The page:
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River Surfing 101: Five Tips to Get You Surfing Quicker

Five Tips to Get You Surfing Quicker

River surfing is great fun, but it can be made much more fun when you are actually good. To that end, getting a lesson or two is a very good idea. Photo: West of 105

Like most outdoor activities, getting some tips from the experts is, at a minimum, a good idea. Rental shops usually have someone on staff that can give lessons or they will know someone in the area that can. All of the outfitters listed in our story on Five River Surfing Spots West of 105 will be able to help. Although there is no substitute for practical experience and a great teacher, a few pointers definitely won’t hurt, so here are five tips to help get you up and surfing quicker.

Here are a few tips from Hollis Brake, the manager at Montrose Surf & Cycle in Montrose.

Five Tips to Get You Surfing Quicker

1. The key to surfing is balance, and so if you are a decent snowboarder, skier or skateboarder, you will have an advantage but it isn't necessary. Similarly, ocean surfers will also have an advantage, but maybe not as much as you'd think as the momentum and weight transfer is a bit different. Staying low when you do manage to get up on the board will help keep you up longer.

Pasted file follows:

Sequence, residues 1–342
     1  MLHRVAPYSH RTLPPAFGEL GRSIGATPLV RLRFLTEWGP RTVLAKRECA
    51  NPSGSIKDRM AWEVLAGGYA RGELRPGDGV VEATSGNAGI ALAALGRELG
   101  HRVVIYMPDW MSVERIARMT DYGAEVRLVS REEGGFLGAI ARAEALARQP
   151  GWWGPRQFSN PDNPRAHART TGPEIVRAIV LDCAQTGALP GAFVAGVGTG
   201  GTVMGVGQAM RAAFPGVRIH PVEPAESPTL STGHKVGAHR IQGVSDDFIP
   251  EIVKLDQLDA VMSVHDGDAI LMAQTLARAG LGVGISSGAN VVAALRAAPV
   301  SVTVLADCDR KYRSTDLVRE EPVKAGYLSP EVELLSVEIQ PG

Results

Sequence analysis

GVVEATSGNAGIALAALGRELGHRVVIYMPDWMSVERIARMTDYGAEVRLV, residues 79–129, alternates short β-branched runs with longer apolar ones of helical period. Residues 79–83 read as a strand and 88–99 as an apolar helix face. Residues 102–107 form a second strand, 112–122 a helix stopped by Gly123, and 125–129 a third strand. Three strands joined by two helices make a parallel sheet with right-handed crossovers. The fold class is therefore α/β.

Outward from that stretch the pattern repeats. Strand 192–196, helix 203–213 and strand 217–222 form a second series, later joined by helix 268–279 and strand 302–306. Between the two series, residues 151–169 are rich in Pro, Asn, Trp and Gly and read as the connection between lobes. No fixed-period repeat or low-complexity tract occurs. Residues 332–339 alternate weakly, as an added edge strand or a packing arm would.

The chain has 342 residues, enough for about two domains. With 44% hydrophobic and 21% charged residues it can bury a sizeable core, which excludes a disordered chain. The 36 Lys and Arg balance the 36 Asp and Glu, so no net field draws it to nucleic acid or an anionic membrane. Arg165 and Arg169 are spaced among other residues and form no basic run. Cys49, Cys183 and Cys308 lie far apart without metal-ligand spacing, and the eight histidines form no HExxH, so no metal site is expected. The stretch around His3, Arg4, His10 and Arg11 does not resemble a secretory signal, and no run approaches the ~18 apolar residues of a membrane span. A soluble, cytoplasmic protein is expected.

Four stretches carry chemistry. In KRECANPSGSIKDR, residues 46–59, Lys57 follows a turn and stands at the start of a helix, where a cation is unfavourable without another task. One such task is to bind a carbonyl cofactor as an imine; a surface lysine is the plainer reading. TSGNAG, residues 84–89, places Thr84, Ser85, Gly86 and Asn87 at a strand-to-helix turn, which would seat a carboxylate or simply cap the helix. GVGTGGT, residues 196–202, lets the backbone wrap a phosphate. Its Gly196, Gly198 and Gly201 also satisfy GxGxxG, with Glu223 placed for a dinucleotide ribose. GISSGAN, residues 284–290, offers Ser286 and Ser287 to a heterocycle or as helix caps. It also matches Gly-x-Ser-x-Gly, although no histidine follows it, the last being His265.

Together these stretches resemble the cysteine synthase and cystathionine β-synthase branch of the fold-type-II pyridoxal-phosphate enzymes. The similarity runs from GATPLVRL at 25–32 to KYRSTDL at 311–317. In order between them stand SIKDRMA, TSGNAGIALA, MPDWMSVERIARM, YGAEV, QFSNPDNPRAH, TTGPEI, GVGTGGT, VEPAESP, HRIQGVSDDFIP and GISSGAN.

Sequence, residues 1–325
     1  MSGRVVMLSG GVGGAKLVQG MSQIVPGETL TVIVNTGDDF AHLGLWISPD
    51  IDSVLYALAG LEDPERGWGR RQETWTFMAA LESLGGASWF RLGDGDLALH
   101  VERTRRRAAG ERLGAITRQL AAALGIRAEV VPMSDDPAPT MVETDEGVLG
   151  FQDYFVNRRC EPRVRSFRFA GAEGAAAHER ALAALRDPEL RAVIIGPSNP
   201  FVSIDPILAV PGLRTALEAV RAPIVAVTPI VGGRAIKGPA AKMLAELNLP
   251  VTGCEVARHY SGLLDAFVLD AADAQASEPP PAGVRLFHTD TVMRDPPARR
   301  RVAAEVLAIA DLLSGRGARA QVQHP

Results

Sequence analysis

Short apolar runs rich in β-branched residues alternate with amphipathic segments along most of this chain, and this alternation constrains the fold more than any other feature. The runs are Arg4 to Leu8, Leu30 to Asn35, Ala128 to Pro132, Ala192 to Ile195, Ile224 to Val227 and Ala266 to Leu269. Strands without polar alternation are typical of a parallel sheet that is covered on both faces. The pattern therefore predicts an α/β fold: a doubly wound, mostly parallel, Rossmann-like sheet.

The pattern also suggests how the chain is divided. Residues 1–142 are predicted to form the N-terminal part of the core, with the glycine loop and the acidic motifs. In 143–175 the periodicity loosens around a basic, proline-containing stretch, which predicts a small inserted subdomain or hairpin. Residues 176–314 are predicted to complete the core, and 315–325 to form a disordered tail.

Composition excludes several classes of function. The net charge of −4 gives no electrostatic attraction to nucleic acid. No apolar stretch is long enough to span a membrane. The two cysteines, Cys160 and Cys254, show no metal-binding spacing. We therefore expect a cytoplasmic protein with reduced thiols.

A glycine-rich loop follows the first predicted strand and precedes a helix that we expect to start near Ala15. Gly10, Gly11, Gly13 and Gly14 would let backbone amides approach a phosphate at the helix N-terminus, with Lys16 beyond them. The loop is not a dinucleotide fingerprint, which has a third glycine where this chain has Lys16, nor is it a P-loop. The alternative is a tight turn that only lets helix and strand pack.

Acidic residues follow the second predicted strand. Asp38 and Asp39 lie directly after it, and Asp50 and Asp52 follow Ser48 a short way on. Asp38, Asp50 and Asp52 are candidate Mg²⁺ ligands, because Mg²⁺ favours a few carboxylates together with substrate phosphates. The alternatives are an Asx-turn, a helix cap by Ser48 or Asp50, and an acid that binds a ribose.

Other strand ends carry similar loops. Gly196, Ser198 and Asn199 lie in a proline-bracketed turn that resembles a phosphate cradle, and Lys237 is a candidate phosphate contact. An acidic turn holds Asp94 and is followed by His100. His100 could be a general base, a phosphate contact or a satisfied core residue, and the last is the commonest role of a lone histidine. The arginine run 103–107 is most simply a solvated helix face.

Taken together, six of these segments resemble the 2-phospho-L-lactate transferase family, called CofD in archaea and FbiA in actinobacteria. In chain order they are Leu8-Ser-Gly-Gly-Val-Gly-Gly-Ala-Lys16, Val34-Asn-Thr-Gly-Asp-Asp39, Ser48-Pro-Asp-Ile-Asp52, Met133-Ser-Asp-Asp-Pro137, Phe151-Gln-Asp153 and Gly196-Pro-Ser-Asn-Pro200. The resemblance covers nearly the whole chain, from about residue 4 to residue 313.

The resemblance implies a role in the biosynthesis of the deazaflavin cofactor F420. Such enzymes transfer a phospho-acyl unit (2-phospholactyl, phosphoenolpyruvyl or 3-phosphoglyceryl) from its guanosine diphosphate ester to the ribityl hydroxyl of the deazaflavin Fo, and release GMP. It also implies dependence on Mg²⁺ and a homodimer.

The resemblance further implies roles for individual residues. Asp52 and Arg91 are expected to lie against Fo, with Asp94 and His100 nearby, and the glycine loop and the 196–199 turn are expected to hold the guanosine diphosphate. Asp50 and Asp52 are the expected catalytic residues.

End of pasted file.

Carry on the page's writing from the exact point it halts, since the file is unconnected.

2. Start with a fairly large board while you learn. All river waves are different but wider boards with more volume typically help new river surfers learn proper techniques for catching waves and it's more fun to surf a large board than to swim with a cool looking small board.

3. Trying to pop up straight into an upright position like you see ocean surfers isn't necessary and is not encouraged for beginners. Getting on your knees and then to a standing position is frowned upon in the ocean, but it’s an easier, tried and tested method for rivers. Take your time at each step of the "pop up", the wave isn't going anywhere.

4. Positioning your front foot on the centerline of the board when you get up is critical. Too far forward and you’ll “pearl” which means pointing the nose of the board into the water which leads to burying the board; if you’re too far back on the board the wave will wash you right out the back.

5. Be aware of what's around you—debris, other surfers, and very cold water can cause problems. Don't wear an ankle leash or try to stand in the current as leg entrapment is a real risk. It is, however, easily avoidable by staying aware and using detachable leashes that attach to your PDF (personal flotation device). Wearing a wetsuit, a helmet, and surfing with a buddy are also strongly recommended.

Want to put these tips into practice? Montrose Surf & Cycle’s annual river surfing demo days are Wednesday nights from July 5th through August 9th between 6-8 pm. All gear included, first come first served. Participants must be 14 and older and minors will need an adult present.


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